Unity club asks to end the r-word
Western’s Unity Club members gathered in Red Square on Wednesday, March 2, with brightly colored posters, stickers and wristbands in hand. The club was taking part in an annual event promoting an end to the r-word.
“Spread the word to end the word” is a campaign asking people to pledge against use of the r-word. The r-word was originally introduced as a medical term with clinical connotations, but is now recognized as derogatory and demeaning toward people with disabilities, according to the R-word website.
Unity Club, along with other organizations nationwide, aims to change this rhetoric permanently.
The club formed as a merger of the Sharing Interests Forming Friendships and Special Olympics club at Western. SIFF focused on being more of a mentorship program for those with disabilities, whereas Unity Club works to organize more inclusive events for the whole university.
Their mission remains the same: forming friendships between those with and without disabilities, said Brittney Brown, a Unity Club member.
Brown has been a Unity Club member for three years. She was crowned Miss West Sound in October 2015, and has been using her platform within the pageant community to speak on disability awareness and inclusion.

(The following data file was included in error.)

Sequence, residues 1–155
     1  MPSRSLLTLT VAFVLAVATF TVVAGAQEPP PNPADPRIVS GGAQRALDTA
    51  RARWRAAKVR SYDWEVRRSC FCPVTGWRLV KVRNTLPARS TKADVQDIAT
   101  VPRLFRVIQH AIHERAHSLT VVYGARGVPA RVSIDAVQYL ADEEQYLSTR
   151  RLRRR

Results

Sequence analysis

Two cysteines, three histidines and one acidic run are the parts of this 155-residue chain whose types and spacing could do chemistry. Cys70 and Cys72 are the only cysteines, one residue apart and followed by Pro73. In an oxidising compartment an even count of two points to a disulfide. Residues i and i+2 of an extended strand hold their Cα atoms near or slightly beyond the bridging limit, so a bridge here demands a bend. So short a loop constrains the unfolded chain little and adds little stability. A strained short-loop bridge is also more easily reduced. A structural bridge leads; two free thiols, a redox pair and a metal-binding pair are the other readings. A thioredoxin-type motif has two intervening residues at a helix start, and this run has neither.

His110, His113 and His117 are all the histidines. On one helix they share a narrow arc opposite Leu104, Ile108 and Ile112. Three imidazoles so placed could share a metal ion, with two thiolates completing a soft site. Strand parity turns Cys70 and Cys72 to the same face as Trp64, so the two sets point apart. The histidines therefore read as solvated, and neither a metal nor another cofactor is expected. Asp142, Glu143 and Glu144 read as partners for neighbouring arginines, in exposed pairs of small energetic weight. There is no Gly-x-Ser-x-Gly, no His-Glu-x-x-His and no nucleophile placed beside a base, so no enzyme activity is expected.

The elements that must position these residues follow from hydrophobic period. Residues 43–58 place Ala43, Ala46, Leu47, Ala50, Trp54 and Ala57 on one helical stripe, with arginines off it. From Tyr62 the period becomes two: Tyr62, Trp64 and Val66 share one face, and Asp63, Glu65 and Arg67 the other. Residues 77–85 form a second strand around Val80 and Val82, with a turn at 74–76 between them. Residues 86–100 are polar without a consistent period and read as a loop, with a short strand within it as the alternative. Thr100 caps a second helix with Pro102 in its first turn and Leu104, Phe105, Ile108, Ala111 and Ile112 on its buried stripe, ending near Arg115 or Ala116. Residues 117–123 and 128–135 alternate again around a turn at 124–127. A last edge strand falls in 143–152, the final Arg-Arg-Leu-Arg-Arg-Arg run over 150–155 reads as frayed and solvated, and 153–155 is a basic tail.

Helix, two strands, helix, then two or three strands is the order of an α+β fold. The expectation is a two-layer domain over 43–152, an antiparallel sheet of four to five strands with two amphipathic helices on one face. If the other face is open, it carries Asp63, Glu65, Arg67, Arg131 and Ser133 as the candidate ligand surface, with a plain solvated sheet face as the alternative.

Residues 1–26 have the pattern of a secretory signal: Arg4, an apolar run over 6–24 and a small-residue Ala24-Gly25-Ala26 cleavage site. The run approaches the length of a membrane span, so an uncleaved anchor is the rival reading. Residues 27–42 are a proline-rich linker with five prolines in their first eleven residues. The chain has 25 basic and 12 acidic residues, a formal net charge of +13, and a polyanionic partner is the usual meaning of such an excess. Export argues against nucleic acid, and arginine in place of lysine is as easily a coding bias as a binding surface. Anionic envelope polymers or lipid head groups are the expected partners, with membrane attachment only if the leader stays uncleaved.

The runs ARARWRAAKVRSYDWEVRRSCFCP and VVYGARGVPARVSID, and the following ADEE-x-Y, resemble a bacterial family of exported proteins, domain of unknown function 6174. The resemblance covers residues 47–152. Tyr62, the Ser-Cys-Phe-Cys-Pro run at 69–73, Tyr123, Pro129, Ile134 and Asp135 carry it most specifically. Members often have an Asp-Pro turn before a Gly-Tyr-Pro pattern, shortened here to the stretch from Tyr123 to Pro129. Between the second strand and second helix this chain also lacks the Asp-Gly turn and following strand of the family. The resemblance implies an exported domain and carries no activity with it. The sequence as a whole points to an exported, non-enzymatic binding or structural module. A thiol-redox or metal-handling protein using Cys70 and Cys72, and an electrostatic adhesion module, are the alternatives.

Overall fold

Brown’s passion for this community started with her old neighbor living with Down syndrome.
“Through her, my perspective really changed,” Brown said. “The second you have a personal relationship with someone who has a disability, it really opens your mind.”
During her freshman year, Brown was paired with a student to mentor from the Community Transitions school, Sydney Watson. They have built a strong bond over the past three years.
“We’re soul sisters,” Watson said.
Along with banning the r-word, the club wants to promote person-first language, Brown said. Person-first language means saying “person in a wheelchair” or “person with a disability’” instead of a disabled person, Brown said.
The club also works to involve the community as a whole beyond Western through the sports leagues run by Special Olympics Washington.
Nanette Jackson has been in the club since her freshman year and has played soccer, basketball and coached flag football for these integrated teams.
Jackson said the athletes’ uplifting attitudes motivated her to become more involved.
“That’s really what sold it for me,” Jackson said. “The athletes are incredibly amazing.”
The club will continue their sports season at the state basketball tournament in Wenatchee this weekend and will start up soccer next quarter, Jackson said. They are hoping to put on a field day event in the spring where other schools can come out and play outside together, she said.
Brown said her overall goals for the club include increasing awareness and encouraging more people to get involved in order to support their inclusive mission.
Being a part of Unity benefits both those with and without disabilities by opening their eyes to what having a disability is like and what friendship should be, she said.
“Knowing that everyone is feeling like they’re accepted and in a safe space, I think that’s the most special thing about our club,” Brown said.
*Editor’s Note: Nanette Jackson is a former Western Front reporter.